New Statesman & Society
|Categories||Politics, geopolitics, books and culture and foreign affairs|
|First issue||12 April 1913|
James Lavelle featured in a two page feature of the November 25 1994 issue of the magazine New Statesman & Society.
Given the crescendos of backslapping that regularly sound through Britain's music industry and enter the mass consciousness by way of various prize giving ceremonies, the disinterested observer might think that all is well in the boardrooms. Not so. The music market is actually shrinking. While this signals pandemonium for the major labels, it also, incongruously enough, is working to the advantage of a leaner crop of independent labels.
Two independent record companies in particular--James Lavelle's Mo' Wax, and Wiiija, owned by four ex-Rough Trade employees headed by Gary Walker-have seized the imaginative foreground. Both labels have attracted acres of press coverage, as much for the youth of their bosses as the quality of their music. Twenty-year-old Lavelle became involved in music after taking a Saturday job in a record shop at 14; by 16, he was running Mo' Wax as a club in Oxford; at 18, he borrowed £1,000 and set up a record label. Walker, by comparison a sedate 27, took a different route. Leaving Great Yarmouth to study drama in London, he joined Rough Trade upon gradu. ation. When Wiiija was formed in 1988, he took over its controls.
Mo' Wax specialises in an up-dated hip hop/techno collision as typified by DJ Shadow, DJ Krush. Wiiija (the name is also the postcode of Rough Trade's West London shop) favour the raw, guitar licks of bands such as Cornershop, Jacob's Mouse and, those doyens of the Riot Girl movement, Huggy Bear. Although record sales for both labels may still be in the thousands rather than the hundred thousands, Mo' Wax and Wiiija are exerting an influence disproportionate to their size.
The reasons for this, Lavelle contends, are relatively simple. “My idea is to bring together various elements-hip hop, jazz, graffiti art—and just let them communicate. I grew up in Oxford listening to music that came from a wide range of categories. Most record companies don't understand this, but for me, music is a cultural thing. I get as many painters coming to me, looking for deals, as I do musicians." To this end, Lavelle's future plans include art gallery shows, launching a magazine, a range of clothes and publishing graffiti art books.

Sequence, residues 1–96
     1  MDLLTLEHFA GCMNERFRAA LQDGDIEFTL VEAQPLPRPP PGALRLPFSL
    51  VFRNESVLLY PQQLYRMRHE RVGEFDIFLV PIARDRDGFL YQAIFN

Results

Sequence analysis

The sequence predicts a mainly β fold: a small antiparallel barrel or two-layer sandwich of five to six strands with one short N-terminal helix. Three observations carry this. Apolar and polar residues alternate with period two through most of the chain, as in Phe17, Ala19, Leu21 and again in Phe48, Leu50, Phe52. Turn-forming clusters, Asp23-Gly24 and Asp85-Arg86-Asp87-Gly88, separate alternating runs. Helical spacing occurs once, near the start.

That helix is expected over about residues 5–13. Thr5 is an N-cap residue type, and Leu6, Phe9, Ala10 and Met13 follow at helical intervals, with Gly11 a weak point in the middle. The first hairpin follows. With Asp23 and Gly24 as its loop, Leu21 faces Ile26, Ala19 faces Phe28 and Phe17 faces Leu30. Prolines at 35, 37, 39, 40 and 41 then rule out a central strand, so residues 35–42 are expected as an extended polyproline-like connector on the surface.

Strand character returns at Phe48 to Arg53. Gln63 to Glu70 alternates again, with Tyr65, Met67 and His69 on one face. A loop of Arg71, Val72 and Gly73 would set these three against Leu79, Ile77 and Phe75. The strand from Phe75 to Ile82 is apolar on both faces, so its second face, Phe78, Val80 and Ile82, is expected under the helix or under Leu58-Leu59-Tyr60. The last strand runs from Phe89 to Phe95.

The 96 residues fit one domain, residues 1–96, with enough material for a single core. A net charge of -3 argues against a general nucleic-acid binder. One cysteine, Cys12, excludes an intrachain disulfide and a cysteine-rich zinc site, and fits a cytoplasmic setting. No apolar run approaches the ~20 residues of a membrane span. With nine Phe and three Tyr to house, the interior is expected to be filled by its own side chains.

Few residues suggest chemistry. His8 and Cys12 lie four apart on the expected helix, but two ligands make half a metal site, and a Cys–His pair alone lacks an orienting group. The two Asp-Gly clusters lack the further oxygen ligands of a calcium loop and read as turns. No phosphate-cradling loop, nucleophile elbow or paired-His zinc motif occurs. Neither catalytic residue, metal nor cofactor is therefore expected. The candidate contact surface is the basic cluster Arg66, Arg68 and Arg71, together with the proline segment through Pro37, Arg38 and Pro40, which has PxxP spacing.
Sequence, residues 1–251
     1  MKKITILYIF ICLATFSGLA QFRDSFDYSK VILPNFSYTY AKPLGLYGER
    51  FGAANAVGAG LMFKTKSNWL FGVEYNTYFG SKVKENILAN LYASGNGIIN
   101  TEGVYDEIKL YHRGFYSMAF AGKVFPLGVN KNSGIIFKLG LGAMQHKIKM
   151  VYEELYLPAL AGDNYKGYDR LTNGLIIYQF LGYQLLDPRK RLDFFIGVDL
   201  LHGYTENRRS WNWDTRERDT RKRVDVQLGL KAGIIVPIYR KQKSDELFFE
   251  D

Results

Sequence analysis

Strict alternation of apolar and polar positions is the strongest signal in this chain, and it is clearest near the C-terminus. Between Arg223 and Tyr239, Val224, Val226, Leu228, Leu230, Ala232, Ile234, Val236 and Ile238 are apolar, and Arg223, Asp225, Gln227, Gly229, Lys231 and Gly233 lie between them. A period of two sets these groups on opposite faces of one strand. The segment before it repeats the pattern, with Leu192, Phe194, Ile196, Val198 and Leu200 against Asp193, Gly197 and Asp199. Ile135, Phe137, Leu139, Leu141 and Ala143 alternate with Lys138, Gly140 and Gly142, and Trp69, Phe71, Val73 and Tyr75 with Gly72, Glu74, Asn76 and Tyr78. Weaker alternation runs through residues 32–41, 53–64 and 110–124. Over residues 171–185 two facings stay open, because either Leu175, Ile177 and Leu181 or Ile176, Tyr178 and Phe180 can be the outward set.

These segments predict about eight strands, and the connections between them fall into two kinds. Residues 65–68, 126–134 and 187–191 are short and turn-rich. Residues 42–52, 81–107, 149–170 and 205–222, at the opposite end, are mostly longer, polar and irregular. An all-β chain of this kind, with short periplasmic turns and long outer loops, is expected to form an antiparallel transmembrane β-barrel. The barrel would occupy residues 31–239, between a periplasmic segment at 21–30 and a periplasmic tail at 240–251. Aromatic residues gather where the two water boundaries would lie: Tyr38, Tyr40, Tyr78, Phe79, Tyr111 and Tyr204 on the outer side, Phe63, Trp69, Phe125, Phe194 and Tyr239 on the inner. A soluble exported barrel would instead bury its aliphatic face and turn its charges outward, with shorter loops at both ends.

In one sense, none of this is new. Ever since punk took off in 1976, British independents have provided a savvy and streetwise alternative to the output from the major labels. Like the punk labels or, more recently, the companies that sprang up during acid house days-Mo' Wax and Wiiija operate at a grassroots level. A do-it-yourself ethic means that their overheads-a 12-inch record can costonly £1,000 to produce—are beguilingly low.
For their own part, the majors have retaliated with some subtle gamesmanship. By letting the independents do the ground work of developing new tastes and sounds, the majors are able to move in, offering label deals, financial support or just poaching bands. The latter is something Walker has experienced first hand. The impecunious Wiiija lost Silverfish to Creation Records (an independent which is now a wing of Sony) and, to A & M, Therapy?, the Belfast-based thrash metallers. Lavelle has just made a deal with Virgin Records that will allow him to continue Mo' Wax, while starting new independent and mainstream labels for them.
Such pressure to succumb, says Walker, can be immense. An independent that starts growing too quickly can easily find itself bogged down in administrative work, and its energies deflected. “When Wiiija got its first blast of blanket coverage with Huggy Bear, I started getting calls from lots of the majors. They all followed a pattern. They would start by detailing all the financial support they could offer and end by suggesting that I come and work for them. It turns out that they are interested notin Wiiija, butone's capacity as an A & R. Now, A & Rs (artist and repertory) are the people who sign bands, and at the major labels they come and go very quickly. There is a huge turnover. In these circumstances, it is unlikely that I would be allowed the time it needs to develop a band.”
The crucial issue for all independents, Walker stresses, is their capacity to surVive as something that is, forever, alternative. In this, Walker has been aided by an extraordinary spirit of cooperation that exists between his and like-minded labels such as Japan's Earth Noise, US-based Kill Rock Stars and the Beastie Boys' Grand Royal. Wiiija makes ends meet by several reciprocal licensing deals which allow them to market the product of foreign labels in Britain, who then sell Wiiija products abroad. The creation of such independent networks suggests not only a wish for autonomy, but a pronounced disaffection with the workings of the world's majors. It also suggests a new approach to economy. Making records, Walker believes, is not only about money. Contact with the real world, he says, is more important. Wiiija, which operates from Walker's basement flat in north London, has just released its most costly album yet: £6,500 work of Huggy Bears' Weaponry Listens To Love. He returns to the cultural themes of art interacting with community that infuse Lavelle's evangelical enthusiasm. The new underground, it seems, starts there.